Friday, May 29, 2009

The Jab

Short stories work very well if the opening jabs the reader. Often called “the hook,” this is when the first paragraph or two draws the reader further into the story (some argue that the jab should happen within the first sentence or two). Without such a device, your story may not see the light of publication or may be skipped over by readers even if it is published.

I used to think that jabs were unnecessary. Why must my story start out with a bang? I preferred to build the story slowly and eventually get into some more interesting plot later on. The problem with such thinking is that it isn’t what people want to read. This again goes back to my motto that if you’re writing for yourself, you should never be upset when you can’t get published because you’ve already reached your target audience.

I remember one of the first times I tried to come up with an effective jab in a story. I was thinking about the movie “Fight Club” and how it unfolds. For those who haven’t seen it, it begins with a climactic scene that doesn’t make a lot of sense. The narrator then decides to back up the story to an earlier point and begin again, and by that time, we’re already engaged in the movie. So keeping “Fight Club” in mind, I wrote the opening for what turned out to be my first sale. Here it is:

Before the final war with Uthov, I became one with the elves. It was the elves who gave me the name I now use. Beloved, they called me years later, further demonstrating their compassion rather than the more sinister attributes that were supposed to go along with elves (according to my mother).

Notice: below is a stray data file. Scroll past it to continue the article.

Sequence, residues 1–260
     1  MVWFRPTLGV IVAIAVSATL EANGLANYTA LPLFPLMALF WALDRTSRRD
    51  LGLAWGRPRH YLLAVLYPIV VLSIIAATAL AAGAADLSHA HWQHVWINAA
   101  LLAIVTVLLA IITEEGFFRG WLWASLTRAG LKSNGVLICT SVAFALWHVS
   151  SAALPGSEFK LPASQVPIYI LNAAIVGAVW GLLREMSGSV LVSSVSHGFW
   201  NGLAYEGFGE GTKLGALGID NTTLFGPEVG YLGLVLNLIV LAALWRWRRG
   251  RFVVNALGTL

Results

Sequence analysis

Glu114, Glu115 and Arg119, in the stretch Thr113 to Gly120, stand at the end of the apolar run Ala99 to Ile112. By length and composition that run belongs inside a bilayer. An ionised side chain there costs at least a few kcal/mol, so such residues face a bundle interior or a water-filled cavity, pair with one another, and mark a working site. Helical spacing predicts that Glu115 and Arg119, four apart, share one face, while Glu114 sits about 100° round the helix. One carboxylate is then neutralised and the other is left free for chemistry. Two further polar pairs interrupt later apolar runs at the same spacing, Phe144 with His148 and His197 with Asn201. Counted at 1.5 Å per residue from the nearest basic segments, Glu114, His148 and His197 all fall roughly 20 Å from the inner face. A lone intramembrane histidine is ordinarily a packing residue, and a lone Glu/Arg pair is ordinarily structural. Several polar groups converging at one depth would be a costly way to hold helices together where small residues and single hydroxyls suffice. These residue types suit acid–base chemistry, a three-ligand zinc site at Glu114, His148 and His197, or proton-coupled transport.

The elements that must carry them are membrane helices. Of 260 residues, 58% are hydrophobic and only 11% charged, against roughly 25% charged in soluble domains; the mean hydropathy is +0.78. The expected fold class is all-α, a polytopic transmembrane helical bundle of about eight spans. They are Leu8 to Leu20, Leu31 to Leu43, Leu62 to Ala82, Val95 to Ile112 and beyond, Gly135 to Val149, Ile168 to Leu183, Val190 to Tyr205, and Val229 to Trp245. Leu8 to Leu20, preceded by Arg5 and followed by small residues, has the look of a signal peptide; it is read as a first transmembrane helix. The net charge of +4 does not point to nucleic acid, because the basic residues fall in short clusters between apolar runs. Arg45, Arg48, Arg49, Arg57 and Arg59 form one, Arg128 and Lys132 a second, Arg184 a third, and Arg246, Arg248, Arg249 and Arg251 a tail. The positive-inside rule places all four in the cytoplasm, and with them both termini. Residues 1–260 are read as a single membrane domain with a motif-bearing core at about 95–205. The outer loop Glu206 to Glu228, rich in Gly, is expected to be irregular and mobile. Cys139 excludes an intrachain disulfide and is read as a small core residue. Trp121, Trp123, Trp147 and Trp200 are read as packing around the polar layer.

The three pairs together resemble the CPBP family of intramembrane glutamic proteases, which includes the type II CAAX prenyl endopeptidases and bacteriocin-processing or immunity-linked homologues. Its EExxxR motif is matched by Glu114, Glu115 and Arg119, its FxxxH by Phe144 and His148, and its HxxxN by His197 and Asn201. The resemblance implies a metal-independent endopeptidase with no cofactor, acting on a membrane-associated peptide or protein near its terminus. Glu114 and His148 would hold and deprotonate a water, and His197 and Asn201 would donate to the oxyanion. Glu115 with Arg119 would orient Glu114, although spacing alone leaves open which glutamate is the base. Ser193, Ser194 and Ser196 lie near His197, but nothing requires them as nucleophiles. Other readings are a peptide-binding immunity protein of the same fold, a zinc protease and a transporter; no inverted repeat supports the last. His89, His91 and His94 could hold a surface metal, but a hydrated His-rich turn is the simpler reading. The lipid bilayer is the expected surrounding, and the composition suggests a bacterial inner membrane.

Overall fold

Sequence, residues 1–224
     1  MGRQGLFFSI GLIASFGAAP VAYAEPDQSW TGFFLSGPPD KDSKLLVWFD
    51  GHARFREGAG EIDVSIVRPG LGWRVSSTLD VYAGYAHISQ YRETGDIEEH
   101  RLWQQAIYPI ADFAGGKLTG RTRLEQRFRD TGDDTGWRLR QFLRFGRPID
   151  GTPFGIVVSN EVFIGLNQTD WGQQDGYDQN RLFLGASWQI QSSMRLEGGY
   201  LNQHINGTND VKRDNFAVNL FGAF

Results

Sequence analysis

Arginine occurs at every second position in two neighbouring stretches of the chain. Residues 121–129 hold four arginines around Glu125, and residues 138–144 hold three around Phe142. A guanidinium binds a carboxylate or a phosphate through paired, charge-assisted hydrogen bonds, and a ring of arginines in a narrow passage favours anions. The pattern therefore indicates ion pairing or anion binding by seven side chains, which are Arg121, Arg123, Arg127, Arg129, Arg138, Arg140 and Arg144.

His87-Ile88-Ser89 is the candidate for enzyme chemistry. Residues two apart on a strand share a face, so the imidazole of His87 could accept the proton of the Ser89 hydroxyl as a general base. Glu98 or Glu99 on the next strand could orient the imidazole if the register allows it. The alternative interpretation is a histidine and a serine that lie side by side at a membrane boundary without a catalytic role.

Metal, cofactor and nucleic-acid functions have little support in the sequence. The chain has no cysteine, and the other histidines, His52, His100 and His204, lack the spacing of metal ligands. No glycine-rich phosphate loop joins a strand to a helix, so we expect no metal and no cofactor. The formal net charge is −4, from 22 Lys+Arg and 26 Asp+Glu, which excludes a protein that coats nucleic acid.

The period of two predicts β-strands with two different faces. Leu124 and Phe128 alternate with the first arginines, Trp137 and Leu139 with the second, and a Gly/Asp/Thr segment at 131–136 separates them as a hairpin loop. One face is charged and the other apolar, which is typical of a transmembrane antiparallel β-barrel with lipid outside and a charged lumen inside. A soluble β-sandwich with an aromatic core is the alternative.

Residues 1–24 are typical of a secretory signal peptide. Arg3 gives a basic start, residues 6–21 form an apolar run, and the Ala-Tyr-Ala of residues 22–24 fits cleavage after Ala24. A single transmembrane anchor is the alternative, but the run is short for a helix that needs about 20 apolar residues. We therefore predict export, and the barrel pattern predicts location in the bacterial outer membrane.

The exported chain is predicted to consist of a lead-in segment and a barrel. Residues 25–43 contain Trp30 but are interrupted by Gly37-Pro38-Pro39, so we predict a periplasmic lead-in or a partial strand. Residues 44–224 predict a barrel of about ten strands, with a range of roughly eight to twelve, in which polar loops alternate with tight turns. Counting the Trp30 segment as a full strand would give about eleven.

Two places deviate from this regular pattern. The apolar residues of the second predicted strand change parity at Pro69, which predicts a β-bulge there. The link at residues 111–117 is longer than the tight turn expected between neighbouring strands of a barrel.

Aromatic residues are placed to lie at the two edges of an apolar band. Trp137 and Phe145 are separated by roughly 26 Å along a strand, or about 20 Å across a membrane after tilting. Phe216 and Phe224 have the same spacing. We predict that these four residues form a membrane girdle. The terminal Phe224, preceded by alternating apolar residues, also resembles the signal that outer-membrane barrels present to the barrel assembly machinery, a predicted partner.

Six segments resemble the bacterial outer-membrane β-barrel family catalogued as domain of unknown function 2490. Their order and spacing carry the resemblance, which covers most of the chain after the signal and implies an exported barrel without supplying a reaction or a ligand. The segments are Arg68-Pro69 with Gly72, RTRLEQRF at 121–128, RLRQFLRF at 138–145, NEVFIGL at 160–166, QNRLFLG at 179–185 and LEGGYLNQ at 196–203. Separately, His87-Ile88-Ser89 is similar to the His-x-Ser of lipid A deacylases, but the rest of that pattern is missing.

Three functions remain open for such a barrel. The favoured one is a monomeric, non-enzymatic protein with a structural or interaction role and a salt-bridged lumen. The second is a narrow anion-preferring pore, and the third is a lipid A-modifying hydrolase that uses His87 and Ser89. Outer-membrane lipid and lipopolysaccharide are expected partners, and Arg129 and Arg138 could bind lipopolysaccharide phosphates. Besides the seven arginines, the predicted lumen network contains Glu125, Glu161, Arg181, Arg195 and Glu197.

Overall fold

But though I was beloved among the elves, this was not the life I wanted. It is what Onarre willed for me, I know now, but I had only one desire when I came to the elves. “Uthov has them now,” an elf told me, and the sound of that name has made my hands clench ever since. But the tale begins before this, so I must start anew.

(For those interested, the full story is still available here:

My tricks, if you will, are rather simple: I want to frame the story in general but leave readers with questions. My original opening started with the protagonist waking up and going about his business, but without a jab, there wasn’t much to keep readers interested.

Here’s a simple suggestion for those who wonder if their opening jabs readers: think in terms of Beethoven’s Fifth. Trust me, you’ve heard part of this symphony, even if you didn’t know what it was called (I found a clip of it on YouTube if you’re still not sure: It opens with four notes that can’t be ignored and leave the listener unsettled. Open your story in a similar manner: don’t leave things in a nice, neat package; force the reader to go on because it would be uncomfortable not to. Stories I stick with are stories that start out well. Stories I set aside are ones that haven’t made me care after the first few paragraphs (yes, I stick it out a little longer than some readers).

One word of caution, however: don’t overdo it. If you start by blowing readers out of the water, the rest of the story will be boring. Likewise, the entire story can’t be extremely heart-pounding from one sentence to the next, or it loses all flavor. If I shout at you for twenty minutes, my raised voice loses its significance. By contrast, if I speak in mixed tones for a while, you’ll especially notice when I shout.

Start jabbing.

This article is part of the Top Five Writing Improvement Articles:
1. Writing To Your Strengths Or Weaknesses – Should you write to your strengths or weaknesses? The answer varies depending on what you’re trying to accomplish.
2. Writing Tools – As writers, we need to consider which tools will help us the most with our craft and have them at the ready.
3. The Callous Editor – To edit our own works well, we must divorce emotions from the process and make hard choices.
4. Writing Exercises – When thoughts seem locked up tight, try some exercises to get the sludge moving again.
5. The Jab – We need good openings to our stories, and this article shares some advice and an example from my own writing.

No comments: